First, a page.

Ways to control panic attacks

Whether it happens on a regular basis or just those brief spells, it is important that you seek professional help immediately

By Author  |  Published: 14th May 2019  8:54 pm
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Usually described as intense feelings of fear or anxiety, panic attacks are known to have physical as well as emotional consequences. “There can be a lot of reasons behind a panic attack, some explained and some unexplained both of which will always have a trigger,” says Ayushi Singh, a clinical psychologist in the city.

“While the person’s medical conditions, family history, stress, physical, sexual or emotional trauma may all be a part of probable reasons, it is important that you seek out a professional to help you cope with it,” she explains. Talking about the average duration of an attack, she says, “It varies from person to person; it usually begins during a 10-minute time frame with rapidly increasing symptoms and may last up to 20-30 minutes and rarely more than an hour.” They can be scary and may hit you at unexpected times, therefore, it is best that you be prepared to, both recognise and deal with a panic attack.

Tell-tale signs

• Rapid heartbeat

• Increased sweating

• Short and fast breathing

• Dizzy spells and trembling or shaking

• Nausea or dry mouth

• Chills

• Numbness or tingling sensation

• Headache

Ways you can survive it


“If a person is unaware, it is quite possible to pass off a panic attack as a general reaction to anxiety, which makes it difficult for the person to gain control,” Ayushi explains. “By recognising it right, one can try and convince themselves that this intense feeling is transient. For a person experiencing the attack, this knowledge is a huge thing,” she adds.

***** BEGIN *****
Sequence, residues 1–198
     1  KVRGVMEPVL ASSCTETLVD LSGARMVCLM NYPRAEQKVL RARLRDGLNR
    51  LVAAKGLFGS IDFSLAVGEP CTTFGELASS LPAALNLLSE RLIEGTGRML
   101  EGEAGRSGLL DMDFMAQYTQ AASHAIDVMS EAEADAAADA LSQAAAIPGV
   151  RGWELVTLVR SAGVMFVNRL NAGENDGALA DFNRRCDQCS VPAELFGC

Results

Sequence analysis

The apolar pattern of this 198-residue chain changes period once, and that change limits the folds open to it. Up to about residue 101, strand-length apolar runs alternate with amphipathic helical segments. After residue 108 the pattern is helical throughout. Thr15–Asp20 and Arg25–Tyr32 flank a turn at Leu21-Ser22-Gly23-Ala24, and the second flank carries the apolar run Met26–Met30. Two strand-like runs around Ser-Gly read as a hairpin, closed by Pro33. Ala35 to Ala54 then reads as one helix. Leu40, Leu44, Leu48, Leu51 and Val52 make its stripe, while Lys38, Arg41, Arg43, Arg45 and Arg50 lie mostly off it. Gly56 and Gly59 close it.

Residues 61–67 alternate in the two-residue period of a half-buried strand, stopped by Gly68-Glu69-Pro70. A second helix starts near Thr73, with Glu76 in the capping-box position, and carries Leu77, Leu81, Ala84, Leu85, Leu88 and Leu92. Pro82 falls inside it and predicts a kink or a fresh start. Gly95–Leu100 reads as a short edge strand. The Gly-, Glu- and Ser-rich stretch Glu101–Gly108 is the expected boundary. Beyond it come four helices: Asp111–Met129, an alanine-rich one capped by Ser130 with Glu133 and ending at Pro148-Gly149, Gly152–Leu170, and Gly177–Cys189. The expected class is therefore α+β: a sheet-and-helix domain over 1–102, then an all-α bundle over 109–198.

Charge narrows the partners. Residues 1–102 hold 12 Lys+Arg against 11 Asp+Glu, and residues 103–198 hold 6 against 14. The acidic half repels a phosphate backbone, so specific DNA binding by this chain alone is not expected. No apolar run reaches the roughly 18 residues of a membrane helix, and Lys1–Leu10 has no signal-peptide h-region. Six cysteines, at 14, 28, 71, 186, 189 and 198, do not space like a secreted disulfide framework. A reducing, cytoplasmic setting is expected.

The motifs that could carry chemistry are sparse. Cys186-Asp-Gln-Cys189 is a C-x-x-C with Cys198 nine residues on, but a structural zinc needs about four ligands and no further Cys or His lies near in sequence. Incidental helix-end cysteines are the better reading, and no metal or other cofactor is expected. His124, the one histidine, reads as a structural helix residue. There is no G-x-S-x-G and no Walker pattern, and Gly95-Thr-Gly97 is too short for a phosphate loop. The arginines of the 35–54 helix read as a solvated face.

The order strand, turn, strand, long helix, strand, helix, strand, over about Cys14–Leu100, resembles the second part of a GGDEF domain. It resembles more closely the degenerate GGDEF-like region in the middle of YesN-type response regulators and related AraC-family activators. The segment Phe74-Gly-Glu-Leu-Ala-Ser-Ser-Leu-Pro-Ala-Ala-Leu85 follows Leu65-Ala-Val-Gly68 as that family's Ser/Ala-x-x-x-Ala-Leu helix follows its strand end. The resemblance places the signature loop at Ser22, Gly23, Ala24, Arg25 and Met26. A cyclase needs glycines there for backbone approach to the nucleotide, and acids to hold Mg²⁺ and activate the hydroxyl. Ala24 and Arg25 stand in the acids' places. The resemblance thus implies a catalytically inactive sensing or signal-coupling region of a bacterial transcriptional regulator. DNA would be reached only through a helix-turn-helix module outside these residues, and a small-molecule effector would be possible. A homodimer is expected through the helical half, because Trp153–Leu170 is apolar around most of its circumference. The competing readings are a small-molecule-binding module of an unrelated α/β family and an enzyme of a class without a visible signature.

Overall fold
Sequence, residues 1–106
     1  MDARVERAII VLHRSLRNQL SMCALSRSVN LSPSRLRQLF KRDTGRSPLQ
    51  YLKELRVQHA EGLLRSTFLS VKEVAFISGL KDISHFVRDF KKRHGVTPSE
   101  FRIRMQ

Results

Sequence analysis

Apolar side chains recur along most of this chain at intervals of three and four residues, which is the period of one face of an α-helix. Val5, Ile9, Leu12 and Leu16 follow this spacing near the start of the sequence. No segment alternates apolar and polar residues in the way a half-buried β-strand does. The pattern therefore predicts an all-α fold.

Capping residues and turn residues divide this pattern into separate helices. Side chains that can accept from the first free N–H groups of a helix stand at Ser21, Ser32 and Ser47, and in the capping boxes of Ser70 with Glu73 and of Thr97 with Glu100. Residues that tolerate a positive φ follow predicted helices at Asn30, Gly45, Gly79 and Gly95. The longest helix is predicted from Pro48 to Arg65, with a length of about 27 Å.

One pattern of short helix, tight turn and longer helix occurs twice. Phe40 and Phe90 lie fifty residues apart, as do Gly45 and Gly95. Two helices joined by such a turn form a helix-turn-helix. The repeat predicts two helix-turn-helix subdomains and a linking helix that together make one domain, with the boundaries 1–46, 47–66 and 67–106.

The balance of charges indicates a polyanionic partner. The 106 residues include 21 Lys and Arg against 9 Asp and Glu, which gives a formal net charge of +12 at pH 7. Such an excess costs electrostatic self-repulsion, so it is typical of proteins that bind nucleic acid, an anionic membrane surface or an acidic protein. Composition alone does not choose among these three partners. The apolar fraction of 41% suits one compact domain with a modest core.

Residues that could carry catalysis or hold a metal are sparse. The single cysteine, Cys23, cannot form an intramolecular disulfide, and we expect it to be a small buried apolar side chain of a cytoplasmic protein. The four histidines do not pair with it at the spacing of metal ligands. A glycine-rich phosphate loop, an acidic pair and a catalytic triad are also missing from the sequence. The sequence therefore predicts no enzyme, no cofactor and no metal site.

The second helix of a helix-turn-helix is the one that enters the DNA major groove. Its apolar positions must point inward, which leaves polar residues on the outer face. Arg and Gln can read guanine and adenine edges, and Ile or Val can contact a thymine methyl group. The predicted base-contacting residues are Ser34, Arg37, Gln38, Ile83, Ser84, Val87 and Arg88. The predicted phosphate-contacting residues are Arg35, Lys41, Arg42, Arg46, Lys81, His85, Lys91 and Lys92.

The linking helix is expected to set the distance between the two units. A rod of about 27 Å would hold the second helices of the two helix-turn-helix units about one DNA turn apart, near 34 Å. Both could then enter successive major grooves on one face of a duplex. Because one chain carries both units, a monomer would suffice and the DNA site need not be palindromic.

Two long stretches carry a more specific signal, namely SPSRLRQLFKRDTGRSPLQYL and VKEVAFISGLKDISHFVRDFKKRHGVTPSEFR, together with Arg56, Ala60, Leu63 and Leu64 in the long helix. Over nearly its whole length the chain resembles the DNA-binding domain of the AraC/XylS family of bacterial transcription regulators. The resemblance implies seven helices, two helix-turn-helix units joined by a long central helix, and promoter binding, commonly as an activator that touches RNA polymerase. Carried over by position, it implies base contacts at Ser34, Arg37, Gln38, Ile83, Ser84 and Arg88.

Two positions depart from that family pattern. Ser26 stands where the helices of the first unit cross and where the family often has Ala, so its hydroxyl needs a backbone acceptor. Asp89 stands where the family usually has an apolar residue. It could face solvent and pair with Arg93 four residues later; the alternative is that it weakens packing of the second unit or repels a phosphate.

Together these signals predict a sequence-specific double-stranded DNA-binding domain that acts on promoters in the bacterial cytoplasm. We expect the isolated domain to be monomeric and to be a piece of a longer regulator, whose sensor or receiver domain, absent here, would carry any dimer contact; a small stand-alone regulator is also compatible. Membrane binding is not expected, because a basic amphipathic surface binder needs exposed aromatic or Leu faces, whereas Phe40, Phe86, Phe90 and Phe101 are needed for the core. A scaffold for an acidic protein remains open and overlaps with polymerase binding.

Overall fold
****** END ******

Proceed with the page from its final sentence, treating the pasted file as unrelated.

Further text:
Focused breathing

Inhale, hold, exhale, repeat is one sure-shot mantra that might help you calm down. Focus on taking deep breaths through your mouth, let the air fill you up and slowly let go. Take deep breaths, count to four and the release.

Diversion is the key

In situations like these, it is important that you shift your focus from your trigger to something else. Look around and try and find a different object or person to focus on and try to normalise your breathing.

Picture your happy place

Close your eyes and picture something that makes you happy and hold on to it. You’ll feel the difference soon.

Consult an expert

Irrespective of their frequency, it is important that you approach an expert to help you out with the situation. With the right focus and proper guidance and support, managing them becomes easier and maybe you can even rid yourselves of this condition.